A businesswoman who is an heir to the Brach's Confections fortune has been sentenced to eight months of house arrest and fined $550,000 for hosting drug parties at her $2 million house.
Dru Cederberg, 52, of Billings was sentenced Wednesday by U.S. District Judge Charles C. Lovell in Helena.
Cederberg was the latest person sentenced after being charged with maintaining a drug-involved premises in the high-profile cocaine case in the Billings area.
Others were former Carbon County Attorney Robert Eddleman and his then-fiancee Terri Jabs Kurth, the daughter of the president and CEO of American Furniture Warehouse.
Prosecutors said for about a decade, Cederberg hosted dinner parties that ended with cocaine being set out in the bathroom for guests.
"I'm very sorry for everything I've done," Cederberg, whose net assets total $14 million, said during the sentencing hearing. "I don't deny that I was wrong. I've changed my life."
Lee Newspapers of Montana reported Lovell was inclined to reject a plea agreement that called for two years of probation and a $50,000 fine.
"The plea agreement on its face is exceptionally lenient compared to the sentences imposed on the other defendants," Lovell said, telling Cederberg she was more culpable than Kurth, who was sentenced to eight months in prison for giving cocaine to guests at parties.
Eddleman and Kurth were convicted in 2009 of conspiring to maintain premises for cocaine distribution. They acknowledged using cocaine and making it available to friends at their homes in Billings and Red Lodge.
Kurth also was fined $10,000 and paid an additional $50,000 to avoid forfeiting property under federal seizure laws.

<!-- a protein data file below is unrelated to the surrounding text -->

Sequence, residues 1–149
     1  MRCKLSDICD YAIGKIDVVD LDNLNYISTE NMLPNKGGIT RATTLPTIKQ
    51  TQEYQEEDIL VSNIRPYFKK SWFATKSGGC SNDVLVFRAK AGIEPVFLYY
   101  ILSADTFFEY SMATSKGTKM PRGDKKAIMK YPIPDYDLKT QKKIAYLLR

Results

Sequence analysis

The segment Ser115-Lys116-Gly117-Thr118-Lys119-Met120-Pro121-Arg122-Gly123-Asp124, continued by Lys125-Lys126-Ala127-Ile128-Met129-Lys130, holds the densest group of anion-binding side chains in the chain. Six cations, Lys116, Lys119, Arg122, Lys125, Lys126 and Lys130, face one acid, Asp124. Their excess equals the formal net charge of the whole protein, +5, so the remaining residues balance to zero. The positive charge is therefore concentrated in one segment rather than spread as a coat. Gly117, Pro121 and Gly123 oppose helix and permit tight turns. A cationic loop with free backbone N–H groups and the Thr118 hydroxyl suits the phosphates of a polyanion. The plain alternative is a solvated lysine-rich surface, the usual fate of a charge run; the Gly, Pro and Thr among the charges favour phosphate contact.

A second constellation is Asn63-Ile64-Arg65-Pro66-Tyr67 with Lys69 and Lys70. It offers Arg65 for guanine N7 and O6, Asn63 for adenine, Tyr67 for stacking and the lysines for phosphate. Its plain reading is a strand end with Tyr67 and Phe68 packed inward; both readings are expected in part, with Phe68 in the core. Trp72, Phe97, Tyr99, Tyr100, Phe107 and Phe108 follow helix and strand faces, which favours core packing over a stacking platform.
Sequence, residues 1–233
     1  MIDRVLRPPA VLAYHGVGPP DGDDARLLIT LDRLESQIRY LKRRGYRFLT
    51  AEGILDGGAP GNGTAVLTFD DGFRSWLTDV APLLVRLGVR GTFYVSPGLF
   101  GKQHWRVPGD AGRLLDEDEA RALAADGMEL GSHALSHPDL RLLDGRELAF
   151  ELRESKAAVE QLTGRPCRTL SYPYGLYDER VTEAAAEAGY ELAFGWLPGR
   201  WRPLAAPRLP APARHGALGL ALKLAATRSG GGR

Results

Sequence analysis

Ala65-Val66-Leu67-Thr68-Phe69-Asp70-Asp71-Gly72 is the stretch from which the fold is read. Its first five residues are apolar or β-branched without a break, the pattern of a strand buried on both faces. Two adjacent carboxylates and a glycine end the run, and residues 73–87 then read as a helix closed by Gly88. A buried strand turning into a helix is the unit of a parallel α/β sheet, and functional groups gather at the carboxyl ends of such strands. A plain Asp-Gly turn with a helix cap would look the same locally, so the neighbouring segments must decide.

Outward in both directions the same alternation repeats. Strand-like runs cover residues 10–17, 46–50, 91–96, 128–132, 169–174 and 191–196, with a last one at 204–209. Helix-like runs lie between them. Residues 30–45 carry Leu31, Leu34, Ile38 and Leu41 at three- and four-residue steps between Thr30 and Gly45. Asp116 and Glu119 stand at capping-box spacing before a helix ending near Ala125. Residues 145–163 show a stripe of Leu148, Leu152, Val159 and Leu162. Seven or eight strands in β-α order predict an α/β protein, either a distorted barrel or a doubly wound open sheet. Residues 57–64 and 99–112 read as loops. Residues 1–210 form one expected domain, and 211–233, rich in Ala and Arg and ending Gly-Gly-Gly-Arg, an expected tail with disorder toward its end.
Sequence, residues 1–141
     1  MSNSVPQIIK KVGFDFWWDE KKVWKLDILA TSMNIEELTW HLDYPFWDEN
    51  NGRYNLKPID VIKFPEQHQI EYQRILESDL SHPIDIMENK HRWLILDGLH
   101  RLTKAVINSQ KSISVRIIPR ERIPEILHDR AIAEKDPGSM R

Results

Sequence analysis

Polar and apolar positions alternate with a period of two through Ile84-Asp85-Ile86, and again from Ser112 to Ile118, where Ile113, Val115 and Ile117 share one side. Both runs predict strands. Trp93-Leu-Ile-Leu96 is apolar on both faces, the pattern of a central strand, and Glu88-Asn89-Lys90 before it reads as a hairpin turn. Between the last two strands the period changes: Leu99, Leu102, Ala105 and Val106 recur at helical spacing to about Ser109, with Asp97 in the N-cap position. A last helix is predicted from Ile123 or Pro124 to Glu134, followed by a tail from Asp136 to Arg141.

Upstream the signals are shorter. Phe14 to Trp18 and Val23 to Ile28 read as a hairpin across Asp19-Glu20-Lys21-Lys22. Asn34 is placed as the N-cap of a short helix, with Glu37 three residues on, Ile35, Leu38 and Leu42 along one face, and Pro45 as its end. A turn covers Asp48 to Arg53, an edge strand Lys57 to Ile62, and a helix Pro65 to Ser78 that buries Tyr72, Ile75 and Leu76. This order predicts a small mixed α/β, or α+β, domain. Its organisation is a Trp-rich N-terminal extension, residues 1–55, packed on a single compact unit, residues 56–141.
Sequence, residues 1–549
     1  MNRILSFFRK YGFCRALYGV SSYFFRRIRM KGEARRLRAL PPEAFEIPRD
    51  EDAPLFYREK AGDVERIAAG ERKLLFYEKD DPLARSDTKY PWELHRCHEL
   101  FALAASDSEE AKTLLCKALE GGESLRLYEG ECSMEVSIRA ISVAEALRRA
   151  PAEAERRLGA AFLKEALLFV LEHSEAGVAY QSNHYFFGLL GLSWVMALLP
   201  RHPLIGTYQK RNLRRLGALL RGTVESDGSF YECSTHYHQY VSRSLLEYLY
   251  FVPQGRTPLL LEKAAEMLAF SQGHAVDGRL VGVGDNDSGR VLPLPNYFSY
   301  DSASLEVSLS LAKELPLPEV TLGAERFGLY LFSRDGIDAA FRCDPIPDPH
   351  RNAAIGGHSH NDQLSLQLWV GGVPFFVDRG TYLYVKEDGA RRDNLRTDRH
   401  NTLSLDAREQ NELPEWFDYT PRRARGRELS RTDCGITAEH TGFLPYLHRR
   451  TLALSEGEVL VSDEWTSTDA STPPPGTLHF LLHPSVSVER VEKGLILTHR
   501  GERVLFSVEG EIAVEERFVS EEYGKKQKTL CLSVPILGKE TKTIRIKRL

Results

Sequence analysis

Eddleman was sentenced to 2 1/2 years in prison. Prosecutors say in 2006, he undermined a drug case against an associate to keep his own activities from behind exposed.
Lovell did praise Cederberg's role in testifying for the federal government in cases involving Domingo Baez and others. Baez was sentenced to 15 years in prison for cocaine trafficking.
Lovell sentenced Cederberg to two years of probation, including eight months of house arrest in which she is only allowed to attend medical appointments, court appearances and other activities approved in advance by the court. The judge added $500,000 to the fine and said it would have been more if he weren't limited by federal sentencing guidelines.
"But I think the appropriate penalty here is a financial one, rather than incarceration," Lovell said, giving her 30 days to turn over the $500,000 before the court starts charging interest.
"A prison sentence is not appropriate for you _ at least not at this time," Lovell said, citing mental health concerns. However, he noted that he believes Cederberg introduced the use of cocaine to a number of people who otherwise may not have used the drug.
Cederberg's attorney Mark Parker said his client had not used cocaine since 2008 and has cooperated with federal prosecutors for 2 1/2 years.